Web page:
Eton was the first College in England to adopt this apparatus. This remarkable machine, it will be understood, requires no attention beyond the preliminary setting, as the little Sub-target is electrically actuated. There is a dry battery in the pillar, and the head contains a powerful magnet, the armature of which impels the target on to the needle when the circuit is closed.



This closing of the circuit results from pulling the trigger. There can be used, if desired, a blank cartridge in the Rifle,

but as the apparatus is designed for aiming, not for shooting,

this serves no purpose beyond that of accustoming the user to the noise of the discharge.

It has also been found excellent training to get men used to the explosion by mixing blank cartridges with empty shells,

so that the marksman must always anticipate the explosion although it only occasionally occurs.



Windage allowance can be taught, by the instructor purposely deflecting the apparatus from its normal direction,
with the aid of a lateral adjustment lever. Magazine pratice can be carried out on the Sub-target Rifle.
Any kind of target can be used except the "running man," and the reports prove that the instrument is capable of being used
to great advantage with the disappearing target, as well as for snap shooting.



Some of the places where the Apparatus has been installed and can be inspected. ( as at 1906 !)

H.M.S. "Excellent",
Marine Barracks, Chatham
,, ,, Portsmouth
,, ,, Devonport
H.M.S. "Grarton"
Royal Military College, Camberley
Royal Military Academy, Woolwich
Guards' Depot, Caterham
Eton College
Cheltenham College
Dover College
Royal Horse Guards
11 th Hussars—Curragh
King's Dragoon Guards
7th Dragoon Guards
21st Lancers—Hounslow
13th Hussars—India
1st Battalion Grenadier Guards
3rd „
1st Battalion Coldstream Guards
1st ,, Scots Guards
Irish Guards
2nd Bn. Lincoln Regiment
1 st , Royal Welsh Fusiliers
2nd , Black Watch—India
3rd , „
2nd , Northumberland Fusiliers
1st , Norti Staffordshire Regiment
2nd ,

1st Bn. West Riding Regiment—Bombay
3rd , Northamptonshire Regiment
1st , South Wales Borderers
2nd ,
1st , Yorks Light Infantry—Gibraltar
2nd ,
1st , Rifle Brigade—Malta
1st , Royal Irish Rifles—India
1st , Seaforth Highlanders
Somersetshire Light Infantry
Scottish Horse—Blair Athol
„ —Transvaal
Middlesex Imperial Yeomanry
Bombay and Baroda Railway Volunteers
Malay States Guides
East London R.E. Volunteers
3rd V.B. Royal Fusiliers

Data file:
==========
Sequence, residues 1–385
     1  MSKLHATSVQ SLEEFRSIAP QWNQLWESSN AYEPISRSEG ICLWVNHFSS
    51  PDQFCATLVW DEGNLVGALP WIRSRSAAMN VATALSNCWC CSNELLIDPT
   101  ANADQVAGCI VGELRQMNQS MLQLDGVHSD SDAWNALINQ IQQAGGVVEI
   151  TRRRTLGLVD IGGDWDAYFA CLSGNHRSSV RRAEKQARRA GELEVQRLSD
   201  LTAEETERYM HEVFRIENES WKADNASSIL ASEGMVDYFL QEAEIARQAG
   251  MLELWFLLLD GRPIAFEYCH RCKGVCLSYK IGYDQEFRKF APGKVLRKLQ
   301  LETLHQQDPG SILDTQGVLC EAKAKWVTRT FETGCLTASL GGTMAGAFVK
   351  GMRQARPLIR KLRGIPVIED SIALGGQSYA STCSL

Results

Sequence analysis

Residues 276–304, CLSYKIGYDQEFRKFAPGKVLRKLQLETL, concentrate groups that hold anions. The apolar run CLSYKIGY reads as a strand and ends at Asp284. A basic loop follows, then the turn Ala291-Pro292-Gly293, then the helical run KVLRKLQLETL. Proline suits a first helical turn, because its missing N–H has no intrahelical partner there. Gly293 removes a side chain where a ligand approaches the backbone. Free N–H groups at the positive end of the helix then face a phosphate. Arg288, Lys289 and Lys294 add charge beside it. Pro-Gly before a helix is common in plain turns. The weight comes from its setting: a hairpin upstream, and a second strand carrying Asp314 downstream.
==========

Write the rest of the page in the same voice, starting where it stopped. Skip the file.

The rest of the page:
1st V.B. York and Lane. Regiment
The Stock Exchange Rifle Club
The Southfields
The Eglingham
St. Anne's Asylum, Redhill
Sussex County Cricket Club
rders for Machines have also teen received on
behalf of
H.I.M. The Sultan of Turkey
The Roumanian Government
The Maharajah of Gwalior
Kaid Sir Harry Maclean for the Sultan
of Morocco.
The Duke of Manchester
The Countess of Dysart
The Marquis of Tullibardine
The Emperor of Abyssinia
Messrs. Walter Locke & Co., Calcutta.


At 1024 x 768 pixel resolution these targets should be shown near actual size


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Copies of Letters from
July 23rd, 1904.


GENTLEMEN,—It affords me pleasure to testify to the value of the Sub-target Rifle, one of which was set up on the steamer,
and was in constant use by the members of the Canadian Rifle Team during the voyage from Montreal to Liverpool, and
afterwards at the Canadian Headquarters at Bisley, where it was in almost constant use. I consider it of great value in the
instruction of recruits in holding and sighting, and also in detecting and correcting the individual errors of eyesight. For
practice in trigger-pulling it is of great advantage, even to the experienced marksman.

My daily use of the Machine at Bisley, was, I feel, of advantage to me in my work on the ranges,
where I was winner of the King's Prize.

Very truly yours, (Signed) S. J. PERRY, Gold Medalist, 1904.



24th July, 1905.


GENTLEMEN,—Having used the Sub-target Rifle frequently during the N.R.A. Meeting at Bisley, just closed,

I am pleased to testify to its value in promoting steadiness in holding, sighting and trigger-pulling,

To the recruit it must be especially useful in these respects, as the tell-tale "needle " points out every "fault" of the man,

I believe that its general adoption and use by the Army, Navy, Volunteers, Rifle Clubs

and in the Public Schools would go a long way towards making a nation of reliable shots for " Imperial Defence."

Very truly yours.
(Signed) ALF. J. COMBER.
Gold Medalist, 1905.



Copy of Report received from

Referring to your letter of the 15th inst., I have prepared a table showing the various figures of merit obtained by parties of
recruits that have been exercised by me this year. I have another party here now, and I think they will do as well as the 3rd party on my table did. The figures, I think, show a wonderful improvement in their shooting, which must largely be attributed to ihe Sub-target Rifle. At first when I had the Machine I was very much afraid of it being damaged if used without an instructor or responsible person who understood it being present, but since I spoke to Mr. Stratton on this point I have let all my men use it as they like, and it is seldom idle for a second from morning till night. It tends to a great extent to make musketry training more interesting, as it is a very interesting instrument to use, and to a large extent the use of it here by my men has rendered the tedious musketry parades no longer necessary. If I had another Machine it would be also used continuously, as there is great keeness to practice with the present one.